Questions have arisen in recent days about whether Donald Trump, his supporters, and his opponents have acted in ways that either violate the First Amendment or can be punished consistent with the First Amendment. Here are some questions and answers:
Question: Can Donald Trump, consistent with the First Amendment, exclude those who oppose his candidacy from his political rallies? Answer: Yes. Donald Trump is a private citizen. The First Amendment, like all provisions of the Constitution, restricts only the actions of government. Thus, just as a private person can constitutionally host a party that includes only his friends, Donald Trump can constitutionally hold a rally that includes only his supporters.
Question: Can Donald Trump, consistent with the First Amendment, order the removal of those who oppose his candidacy from his political rallies? Answer: Yes. Just as a private person can constitutionally call the police to remove from his party those who were not invited, Donald Trump can constitutionally call the police to remove from his political rallies those who oppose his candidacy. (Of course, if he does so he must pay the political price for his action.)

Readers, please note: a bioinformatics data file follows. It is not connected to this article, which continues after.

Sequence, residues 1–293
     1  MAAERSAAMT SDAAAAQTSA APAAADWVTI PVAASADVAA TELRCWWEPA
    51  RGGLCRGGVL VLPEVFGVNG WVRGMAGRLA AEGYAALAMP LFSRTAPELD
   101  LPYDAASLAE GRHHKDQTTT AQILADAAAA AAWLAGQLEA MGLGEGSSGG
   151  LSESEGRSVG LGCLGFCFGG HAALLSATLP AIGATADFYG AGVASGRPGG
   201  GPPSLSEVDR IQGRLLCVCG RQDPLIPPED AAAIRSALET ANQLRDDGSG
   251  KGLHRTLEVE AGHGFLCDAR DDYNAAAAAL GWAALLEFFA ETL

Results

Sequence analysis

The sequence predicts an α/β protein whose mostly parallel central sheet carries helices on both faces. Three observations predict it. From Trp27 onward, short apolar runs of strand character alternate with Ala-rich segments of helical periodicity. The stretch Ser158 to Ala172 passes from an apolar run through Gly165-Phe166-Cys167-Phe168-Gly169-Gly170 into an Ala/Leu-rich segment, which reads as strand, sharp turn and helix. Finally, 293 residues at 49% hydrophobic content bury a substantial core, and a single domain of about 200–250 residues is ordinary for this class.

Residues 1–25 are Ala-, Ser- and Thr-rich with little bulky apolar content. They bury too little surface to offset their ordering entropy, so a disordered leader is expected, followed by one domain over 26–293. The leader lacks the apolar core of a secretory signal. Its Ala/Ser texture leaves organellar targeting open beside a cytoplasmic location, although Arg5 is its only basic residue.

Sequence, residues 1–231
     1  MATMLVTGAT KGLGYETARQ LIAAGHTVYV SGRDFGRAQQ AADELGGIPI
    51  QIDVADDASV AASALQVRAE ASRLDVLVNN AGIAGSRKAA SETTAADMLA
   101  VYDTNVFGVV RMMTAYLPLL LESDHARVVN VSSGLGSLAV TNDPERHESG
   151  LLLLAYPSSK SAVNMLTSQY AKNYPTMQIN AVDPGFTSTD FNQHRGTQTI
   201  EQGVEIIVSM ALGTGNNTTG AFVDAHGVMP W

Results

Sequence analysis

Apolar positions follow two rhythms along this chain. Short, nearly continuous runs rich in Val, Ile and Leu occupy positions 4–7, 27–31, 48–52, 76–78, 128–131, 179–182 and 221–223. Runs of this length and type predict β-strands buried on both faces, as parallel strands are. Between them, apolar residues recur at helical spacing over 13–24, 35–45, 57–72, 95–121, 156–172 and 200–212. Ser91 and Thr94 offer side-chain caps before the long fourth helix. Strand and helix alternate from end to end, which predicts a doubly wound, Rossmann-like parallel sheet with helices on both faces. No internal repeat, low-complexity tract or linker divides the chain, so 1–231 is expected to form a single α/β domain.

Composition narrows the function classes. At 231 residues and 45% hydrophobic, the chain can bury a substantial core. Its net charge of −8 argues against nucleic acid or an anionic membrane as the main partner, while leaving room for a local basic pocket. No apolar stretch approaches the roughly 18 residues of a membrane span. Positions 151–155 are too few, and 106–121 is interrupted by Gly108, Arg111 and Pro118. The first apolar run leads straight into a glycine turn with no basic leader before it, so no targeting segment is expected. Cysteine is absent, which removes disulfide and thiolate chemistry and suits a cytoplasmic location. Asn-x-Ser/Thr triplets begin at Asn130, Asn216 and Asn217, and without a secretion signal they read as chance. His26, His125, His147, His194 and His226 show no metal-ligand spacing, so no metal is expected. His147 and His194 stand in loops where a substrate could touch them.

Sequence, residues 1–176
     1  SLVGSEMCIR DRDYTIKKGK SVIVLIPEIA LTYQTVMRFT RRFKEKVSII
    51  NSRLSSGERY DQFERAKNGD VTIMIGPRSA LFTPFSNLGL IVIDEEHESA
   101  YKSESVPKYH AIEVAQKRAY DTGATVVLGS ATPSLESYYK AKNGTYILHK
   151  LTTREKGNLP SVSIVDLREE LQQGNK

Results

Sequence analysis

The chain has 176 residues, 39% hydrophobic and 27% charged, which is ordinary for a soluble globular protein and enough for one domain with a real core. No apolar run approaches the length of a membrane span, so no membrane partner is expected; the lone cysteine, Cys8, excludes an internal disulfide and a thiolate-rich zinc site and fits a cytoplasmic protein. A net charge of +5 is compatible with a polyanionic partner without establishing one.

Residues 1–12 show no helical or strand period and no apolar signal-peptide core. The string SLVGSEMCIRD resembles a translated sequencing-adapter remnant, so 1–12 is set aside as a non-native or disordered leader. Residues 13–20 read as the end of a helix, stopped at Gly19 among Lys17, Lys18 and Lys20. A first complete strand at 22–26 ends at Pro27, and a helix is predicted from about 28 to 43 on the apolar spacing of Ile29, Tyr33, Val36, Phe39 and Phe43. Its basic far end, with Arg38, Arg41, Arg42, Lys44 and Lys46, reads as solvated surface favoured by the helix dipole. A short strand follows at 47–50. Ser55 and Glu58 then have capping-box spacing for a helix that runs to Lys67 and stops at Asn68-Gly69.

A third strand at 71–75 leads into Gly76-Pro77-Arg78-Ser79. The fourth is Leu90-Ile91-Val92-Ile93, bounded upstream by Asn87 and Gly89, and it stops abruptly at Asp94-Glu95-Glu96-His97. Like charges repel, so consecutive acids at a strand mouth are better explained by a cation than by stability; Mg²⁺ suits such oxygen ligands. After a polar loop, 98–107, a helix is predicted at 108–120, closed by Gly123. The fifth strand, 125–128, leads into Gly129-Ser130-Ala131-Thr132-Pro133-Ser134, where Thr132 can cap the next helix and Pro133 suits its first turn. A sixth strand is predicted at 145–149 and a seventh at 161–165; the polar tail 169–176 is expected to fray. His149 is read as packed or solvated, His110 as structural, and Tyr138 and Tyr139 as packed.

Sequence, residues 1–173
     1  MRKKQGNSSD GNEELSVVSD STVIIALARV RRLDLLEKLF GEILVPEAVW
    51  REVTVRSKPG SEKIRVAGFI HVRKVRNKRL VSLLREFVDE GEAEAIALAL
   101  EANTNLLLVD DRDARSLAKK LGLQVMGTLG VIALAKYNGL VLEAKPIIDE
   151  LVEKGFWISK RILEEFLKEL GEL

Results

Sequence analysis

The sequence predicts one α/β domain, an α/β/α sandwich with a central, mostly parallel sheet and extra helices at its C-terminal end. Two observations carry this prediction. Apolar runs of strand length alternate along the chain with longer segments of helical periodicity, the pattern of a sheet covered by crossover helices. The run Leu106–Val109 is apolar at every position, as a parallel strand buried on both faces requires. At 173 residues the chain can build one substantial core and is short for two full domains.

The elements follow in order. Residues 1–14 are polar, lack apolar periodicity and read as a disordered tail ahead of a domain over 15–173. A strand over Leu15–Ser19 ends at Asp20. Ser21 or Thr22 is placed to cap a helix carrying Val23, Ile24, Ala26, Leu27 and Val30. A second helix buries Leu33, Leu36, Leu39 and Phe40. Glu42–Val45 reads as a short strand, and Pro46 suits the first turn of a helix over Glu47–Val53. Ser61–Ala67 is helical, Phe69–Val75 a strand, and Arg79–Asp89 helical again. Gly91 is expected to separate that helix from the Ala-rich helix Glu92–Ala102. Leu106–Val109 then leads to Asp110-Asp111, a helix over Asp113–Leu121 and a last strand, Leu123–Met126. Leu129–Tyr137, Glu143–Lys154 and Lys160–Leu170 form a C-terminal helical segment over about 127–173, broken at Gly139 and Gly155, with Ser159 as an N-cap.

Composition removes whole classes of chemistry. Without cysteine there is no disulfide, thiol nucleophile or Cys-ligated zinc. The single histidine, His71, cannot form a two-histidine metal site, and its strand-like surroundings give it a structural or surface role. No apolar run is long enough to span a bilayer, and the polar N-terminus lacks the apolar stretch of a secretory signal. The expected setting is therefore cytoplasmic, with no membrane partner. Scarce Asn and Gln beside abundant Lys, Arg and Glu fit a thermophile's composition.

Question: Do opponents of Trump's candidacy who attend a Trump rally in defiance of an announcement that attendance is limited only to Trump supporters have a First Amendment right to attend the event because they are engaging in a "political protest"? Answer: No. The right to protest does not include the right to trespass. As a general rule, individuals do not have a First Amendment right to violate laws having nothing to do with speech -- even if they violate the law in order to engage in expressive conduct. For example, there is no First Amendment right to speed in order to get to a rally on time. There is no First Amendment right to steal a megaphone in order to speak more effectively. There is no First Amendment right to punch a policeman in order to protest police abuse. And there is no First Amendment right to trespass in order to engage in a protest.